An ounce of information
Published on 03/10/2023 in Peanut News
Ten thousand years ago, an unsuspecting pair of Bolivian bees did something remarkable. They cross-pollinated two wild plant species, and created the peanut as we know it today.
Modern varieties have evolved signiﬁcantly – most notably by becoming entirely self-pollinating – and have exploded in popularity ever since they were ﬁrst cultivated by human civilisations. But the true origins of the peanut lie in that happy accident of nature many years ago.
Today, there are thousands of varieties, species, and origins of peanuts, each with their own distinctive physical and chemical characteristics and ﬂavour proﬁle. But across the major producing regions of the world (which, between them, are expected to produce 68 million tons by 2050) it’s fairly common for just one or two species to dominate.
Why is that? What accidents of nature – and effects of international trade – have meant that so many types of peanuts are neglected while others become wildly popular?
In this article we’re going to take a look at some of the marketing, lobbying, and governance strategies used by certain governments and groups to promote particularly desirable peanut varieties, and explore how this has impacted the crops that are planted, harvested, and enjoyed by millions of people around the world.
Major varieties and where you ﬁnd them
In a globally connected marketplace peanut production and consumption have responded rapidly to growing demand. As a fast-growing crop it’s possible for farmers and manufacturers to adjust their peanut speciﬁcation and adapt to market conditions.
This has resulted in a particular focus on speciﬁc varieties of peanuts which are seen as superior for typical consumer uses, whether snack manufacturing, peanut butter production, or a bird and animal feed speciﬁcation. Across different regions and marketplaces, certain varieties have come to dominate.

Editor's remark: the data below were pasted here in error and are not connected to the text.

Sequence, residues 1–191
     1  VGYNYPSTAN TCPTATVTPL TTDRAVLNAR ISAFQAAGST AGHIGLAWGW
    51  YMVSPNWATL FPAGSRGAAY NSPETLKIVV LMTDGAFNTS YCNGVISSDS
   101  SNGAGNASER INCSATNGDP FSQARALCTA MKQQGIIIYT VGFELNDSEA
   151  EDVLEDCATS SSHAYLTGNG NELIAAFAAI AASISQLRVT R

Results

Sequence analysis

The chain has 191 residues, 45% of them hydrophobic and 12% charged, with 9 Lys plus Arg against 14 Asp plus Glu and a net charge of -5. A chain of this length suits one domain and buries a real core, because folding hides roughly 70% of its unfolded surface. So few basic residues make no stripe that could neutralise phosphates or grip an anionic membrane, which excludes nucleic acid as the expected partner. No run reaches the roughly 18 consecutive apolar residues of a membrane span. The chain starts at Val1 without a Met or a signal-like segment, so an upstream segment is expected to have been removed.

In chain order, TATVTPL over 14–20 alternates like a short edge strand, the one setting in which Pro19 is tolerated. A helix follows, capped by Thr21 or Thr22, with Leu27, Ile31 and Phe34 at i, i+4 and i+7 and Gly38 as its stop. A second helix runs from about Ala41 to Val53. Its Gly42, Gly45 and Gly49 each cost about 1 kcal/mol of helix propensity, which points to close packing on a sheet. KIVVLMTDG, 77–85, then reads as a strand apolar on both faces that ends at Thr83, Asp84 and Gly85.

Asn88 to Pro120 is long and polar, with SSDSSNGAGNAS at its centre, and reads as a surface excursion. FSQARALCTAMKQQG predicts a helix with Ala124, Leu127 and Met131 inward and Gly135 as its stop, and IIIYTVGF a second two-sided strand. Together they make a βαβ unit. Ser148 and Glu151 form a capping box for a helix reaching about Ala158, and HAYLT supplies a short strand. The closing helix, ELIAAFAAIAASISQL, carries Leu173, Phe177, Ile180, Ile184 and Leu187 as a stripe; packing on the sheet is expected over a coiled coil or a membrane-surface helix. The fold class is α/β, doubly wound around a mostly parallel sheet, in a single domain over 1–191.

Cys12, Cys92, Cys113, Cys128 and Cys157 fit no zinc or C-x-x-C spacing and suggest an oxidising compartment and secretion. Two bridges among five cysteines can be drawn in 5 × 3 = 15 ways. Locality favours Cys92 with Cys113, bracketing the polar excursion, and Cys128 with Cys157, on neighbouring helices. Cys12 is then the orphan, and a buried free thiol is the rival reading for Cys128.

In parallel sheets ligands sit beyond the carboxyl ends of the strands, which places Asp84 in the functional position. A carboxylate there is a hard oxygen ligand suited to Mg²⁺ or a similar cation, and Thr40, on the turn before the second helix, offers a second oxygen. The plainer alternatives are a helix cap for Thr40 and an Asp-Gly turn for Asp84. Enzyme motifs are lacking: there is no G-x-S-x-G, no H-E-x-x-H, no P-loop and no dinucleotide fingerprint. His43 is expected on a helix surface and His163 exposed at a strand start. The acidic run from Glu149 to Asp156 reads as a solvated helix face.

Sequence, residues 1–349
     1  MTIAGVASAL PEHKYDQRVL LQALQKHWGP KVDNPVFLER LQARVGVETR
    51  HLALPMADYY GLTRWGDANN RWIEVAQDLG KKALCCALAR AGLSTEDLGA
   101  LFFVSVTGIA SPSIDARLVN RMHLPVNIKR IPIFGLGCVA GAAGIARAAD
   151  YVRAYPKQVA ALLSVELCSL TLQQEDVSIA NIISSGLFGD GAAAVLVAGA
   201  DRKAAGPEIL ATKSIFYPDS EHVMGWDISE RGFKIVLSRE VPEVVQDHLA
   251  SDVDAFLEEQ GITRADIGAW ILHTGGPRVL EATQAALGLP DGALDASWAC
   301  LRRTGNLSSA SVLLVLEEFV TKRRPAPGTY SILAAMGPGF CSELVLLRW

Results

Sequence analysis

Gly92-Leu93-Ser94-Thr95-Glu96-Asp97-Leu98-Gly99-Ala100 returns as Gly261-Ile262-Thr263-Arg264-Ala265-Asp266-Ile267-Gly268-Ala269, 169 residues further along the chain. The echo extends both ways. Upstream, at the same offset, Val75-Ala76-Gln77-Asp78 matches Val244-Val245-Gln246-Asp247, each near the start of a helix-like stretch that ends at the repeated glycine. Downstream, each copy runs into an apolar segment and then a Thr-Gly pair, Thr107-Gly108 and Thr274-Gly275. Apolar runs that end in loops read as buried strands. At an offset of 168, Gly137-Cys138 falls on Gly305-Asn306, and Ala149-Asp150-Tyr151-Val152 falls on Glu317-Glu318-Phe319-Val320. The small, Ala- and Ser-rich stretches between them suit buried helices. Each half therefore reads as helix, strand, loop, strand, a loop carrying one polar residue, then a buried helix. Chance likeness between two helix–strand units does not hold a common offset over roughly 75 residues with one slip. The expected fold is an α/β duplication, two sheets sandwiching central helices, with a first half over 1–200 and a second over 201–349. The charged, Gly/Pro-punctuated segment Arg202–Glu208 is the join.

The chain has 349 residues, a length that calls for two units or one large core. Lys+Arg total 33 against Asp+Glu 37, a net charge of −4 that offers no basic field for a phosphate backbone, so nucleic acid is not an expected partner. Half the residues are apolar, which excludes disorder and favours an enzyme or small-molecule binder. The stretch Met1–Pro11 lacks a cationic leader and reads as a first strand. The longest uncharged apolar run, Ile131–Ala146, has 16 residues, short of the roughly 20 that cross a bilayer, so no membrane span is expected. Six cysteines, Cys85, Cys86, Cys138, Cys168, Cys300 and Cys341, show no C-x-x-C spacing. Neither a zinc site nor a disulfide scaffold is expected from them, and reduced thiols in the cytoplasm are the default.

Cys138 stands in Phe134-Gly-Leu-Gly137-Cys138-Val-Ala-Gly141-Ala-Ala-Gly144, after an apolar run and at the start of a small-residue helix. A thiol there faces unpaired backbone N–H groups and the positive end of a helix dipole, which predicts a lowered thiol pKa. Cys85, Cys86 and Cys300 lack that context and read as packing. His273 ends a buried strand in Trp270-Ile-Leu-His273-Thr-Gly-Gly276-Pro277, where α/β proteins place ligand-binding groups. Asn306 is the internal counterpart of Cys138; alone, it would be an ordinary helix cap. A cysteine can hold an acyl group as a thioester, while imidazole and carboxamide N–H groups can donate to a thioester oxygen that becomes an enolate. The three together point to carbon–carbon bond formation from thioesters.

Here are some of the biggest regional crop trends:
The Chinese peanut market is one of the biggest in the world, with the country importing an incredible 1,002,599 tons of peanuts in 2021. This ﬁgure has snowballed dramatically in recent years, up from 478,834 tons in 2019 and a mere 181,510 tons in 2018. These ﬁgures are no small fry: In 2021, China spent a remarkable $1,028,039,000 on its peanut imports.
In addition, China is also a global powerhouse of domestic peanut production. The country produced a world-beating 18,200,000 metric tons in 2021/22, a year-on-year increase of 4%. Equally, in 2020, approximately 17.8 million metric tons of peanuts were consumed in China, an increase from about 16 million metric tons consumed in the previous year.
With such a vast amount of buying power, Chinese consumers really ought to have the freedom to choose from every kind of peanut variety on the market. However, the Virginia variety has become the most popular. Primarily known for having the largest kernels and accounting for most of the peanuts roasted and processed in-shell, Virginia peanuts make excellent snack peanuts, thanks primarily to their size. They’re grown extensively across China, particularly in the Henan, Shandong, and Hebei provinces.